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Still from "Welcome to the Dollhouse"Courtesy of Suburban Pictures

The Nostalgia effect

Siblings Leonora & Eve Epstein go head to head about the differences between Gen X & Y

Yesterday, in a Reddit thread titled "Redditors, what thing 'just ain't the same anymore'?", the peanut gallery went to town: "Hershey bars. Driving. Calling somebody," they all chimed in. "Concerts. I CANNOT SEE OVER THE CELL PHONES!" shouted one angry Redditor into his keyboard. Then someone said "Nostalgia." Nostalgia is a sentimental longing or wistful affection for the past, typically for a period or place with happy personal associations (ICYMI). And we're reminded about our intertwined pop cultural history on the daily with sites like BuzzFeed, Cracked and Thought Catalog. While nostalgia has seemingly been ramped up in the past five or so years, it remains one of the best ways to find commonalities with a boozy stranger at a party like that epic one with Seth Green in Can't Hardly Wait or The Rules of Attraction.

Two sisters, Eve and Leonora Epstein, are separated by a long, culturally-superfluous 14 years. They are from Generation X (defined as people born in the mid-60s to late 70s) and Generation Y (defined as being born in the early-80s to the late 90s), respectively. And after many lengthy, pajama-clad conversations over Dreamphone they sat down to write a book to explore their generation's differences and cultural nostalgia. Told through hilarious anecdotes, text messages, and fun Venn diagrams, X vs Y: A Culture War, A Love Story is a chapter-by-chapter rundown of which cultural touchstone is embedded in which generation. I rung them up on my Dreamphone for a quickie about all things nostalgia.

Dazed Digital: Do you think people now are more nostalgic?

Leonora Epstein: It’s not that people are more nostalgic, it’s just that we have more modes of communicating. Our feelings and memories are more pronounced and louder than we’ve ever had before. I don’t know if our relationship with nostalgia has necessarily changed from generation to generation, but I think that it definitely feels like there’s more intensity nowadays, just because we have such a great forum that is the world wide web.

Eve Epstein: I think America in particular has always been pretty nostalgic, or at least certainly within my lifetime. But from Leonora’s point, just the web and digital culture has allowed us to accelerate that. It’s so funny because there’s such a large space on YouTube now, occupied by commercial compilations from the 80s and 90s. It’s so funny the things that you don’t even realise you’d remember. Seeing things that take you back to your living room when you were five or six years old.

Leonora Epstein: The funniest conversations for us often happen around the more marginal elements of culture that get remembered. We did a feature about different aspects of the culture from an X perspective and a Y perspective. Instead of choosing obvious basic things like hairdos, we chose things like the most useless accessories.

Do you think that we’re gonna be stuck in this pit of nostalgia for things that just happened?

Leonora Epstein: Well I work at Buzzfeed and I work specifically on a vertical called Rewind which is our nostalgia vertical. I remember from when I started, that a large majority of my content would be from the 70s, 80s, and 90s, but very quickly I was encouraged also to look at the early 2000s, which to me feels like just yesterday. But the early 2000s, that topic performed amazingly well on the web. I think the problem is that our sense of time becomes warped. We’re always constantly shocked by how much time has passed, but we also feel like looking back to five years ago, which isn’t such a long time ago, that things have changed so quickly. I tend to think that’s a little dangerous. I think that we should give ourselves some distance between all the horribleness that was the bad TV shows and fashions of the early 2000s. But people love it, so I guess that culturally it’s something that we embrace.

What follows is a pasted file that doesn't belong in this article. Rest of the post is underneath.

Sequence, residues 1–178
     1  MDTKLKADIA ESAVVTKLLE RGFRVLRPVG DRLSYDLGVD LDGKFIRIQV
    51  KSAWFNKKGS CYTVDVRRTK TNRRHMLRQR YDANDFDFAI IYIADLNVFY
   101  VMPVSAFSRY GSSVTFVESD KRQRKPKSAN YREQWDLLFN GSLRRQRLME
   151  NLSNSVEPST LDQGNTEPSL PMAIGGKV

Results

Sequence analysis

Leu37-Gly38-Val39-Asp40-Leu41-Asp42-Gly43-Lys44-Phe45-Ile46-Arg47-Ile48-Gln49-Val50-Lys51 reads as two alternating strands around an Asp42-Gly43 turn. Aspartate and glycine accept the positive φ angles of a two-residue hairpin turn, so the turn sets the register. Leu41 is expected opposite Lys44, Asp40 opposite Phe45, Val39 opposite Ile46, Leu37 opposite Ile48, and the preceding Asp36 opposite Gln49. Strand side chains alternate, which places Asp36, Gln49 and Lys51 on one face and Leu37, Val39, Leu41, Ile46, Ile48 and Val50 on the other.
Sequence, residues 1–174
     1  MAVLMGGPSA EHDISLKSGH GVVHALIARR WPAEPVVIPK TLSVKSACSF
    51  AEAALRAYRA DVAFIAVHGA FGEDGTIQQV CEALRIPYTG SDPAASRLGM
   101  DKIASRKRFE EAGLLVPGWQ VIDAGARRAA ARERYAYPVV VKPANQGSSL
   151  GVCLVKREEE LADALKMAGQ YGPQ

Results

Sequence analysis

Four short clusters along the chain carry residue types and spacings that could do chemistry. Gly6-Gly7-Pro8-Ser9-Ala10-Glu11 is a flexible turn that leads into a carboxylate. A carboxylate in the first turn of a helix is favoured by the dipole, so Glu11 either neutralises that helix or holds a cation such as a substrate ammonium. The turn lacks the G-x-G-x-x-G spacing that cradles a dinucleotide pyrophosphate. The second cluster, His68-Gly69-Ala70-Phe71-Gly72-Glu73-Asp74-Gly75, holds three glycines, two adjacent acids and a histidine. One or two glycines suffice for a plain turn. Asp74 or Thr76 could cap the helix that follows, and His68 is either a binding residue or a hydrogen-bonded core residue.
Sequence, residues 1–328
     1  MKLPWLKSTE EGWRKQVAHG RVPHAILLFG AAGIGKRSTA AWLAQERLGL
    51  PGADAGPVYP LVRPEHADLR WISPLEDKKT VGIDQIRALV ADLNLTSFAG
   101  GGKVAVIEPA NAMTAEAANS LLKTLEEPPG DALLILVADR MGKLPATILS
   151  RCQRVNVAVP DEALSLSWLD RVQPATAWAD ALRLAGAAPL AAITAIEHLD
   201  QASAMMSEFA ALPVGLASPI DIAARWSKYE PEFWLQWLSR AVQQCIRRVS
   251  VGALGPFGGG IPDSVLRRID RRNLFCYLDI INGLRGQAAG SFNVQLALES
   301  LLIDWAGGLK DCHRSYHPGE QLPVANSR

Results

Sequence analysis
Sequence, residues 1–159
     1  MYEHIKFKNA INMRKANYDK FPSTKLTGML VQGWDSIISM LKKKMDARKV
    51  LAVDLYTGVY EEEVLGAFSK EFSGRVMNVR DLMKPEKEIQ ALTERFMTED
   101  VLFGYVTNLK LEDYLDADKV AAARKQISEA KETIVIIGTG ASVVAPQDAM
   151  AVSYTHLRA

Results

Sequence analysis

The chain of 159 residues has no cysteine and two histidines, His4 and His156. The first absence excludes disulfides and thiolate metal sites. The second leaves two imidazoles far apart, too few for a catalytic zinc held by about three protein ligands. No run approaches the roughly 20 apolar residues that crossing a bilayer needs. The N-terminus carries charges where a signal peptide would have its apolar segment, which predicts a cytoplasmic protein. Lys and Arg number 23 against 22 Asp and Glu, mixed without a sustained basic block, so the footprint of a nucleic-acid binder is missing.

“The danger is almost in when you have people who are just consumed by nostalgia, and who are almost sort of defined by it. I think the real danger is that you start to actually view and experience things in the present through the lens of nostalgia, before even any time at all has passed” – Eve Epstein

Eve Epstein: I think for me the danger is almost in when you have people who are just consumed by nostalgia, and who are almost sort of defined by it. I think the real danger is that you start to actually view and experience things in the present through the lens of nostalgia, before even any time at all has passed. It’s this idea that it’s only going to be interesting to you insofar as it’s something that you can look back on and miss, or reminisce about, or make ironic jokes about.  The danger there is that it almost distances us from the present moment in time. To me that’s where the danger is, and I do think that now because we’re so hyper–conscious of our need to have that experience some time in the future, we’re already anticipating it in the present.

Leonora Epstein: One of the things that Eve and I have discussed is also what kind of nostalgia will define the next generation, and I think people seem a little bit confused because this generation of teenagers now, they won’t ever have a separation from the images that defined their childhood. I think part of the nostalgia craze that’s happened online the last few years is that all of a sudden we began seeing these images that we hadn’t even thought about or seen for years and years. Kids nowadays, aren’t gonna have that experience of revisiting something, because they have the option to keep their touchpoints always within their grasp.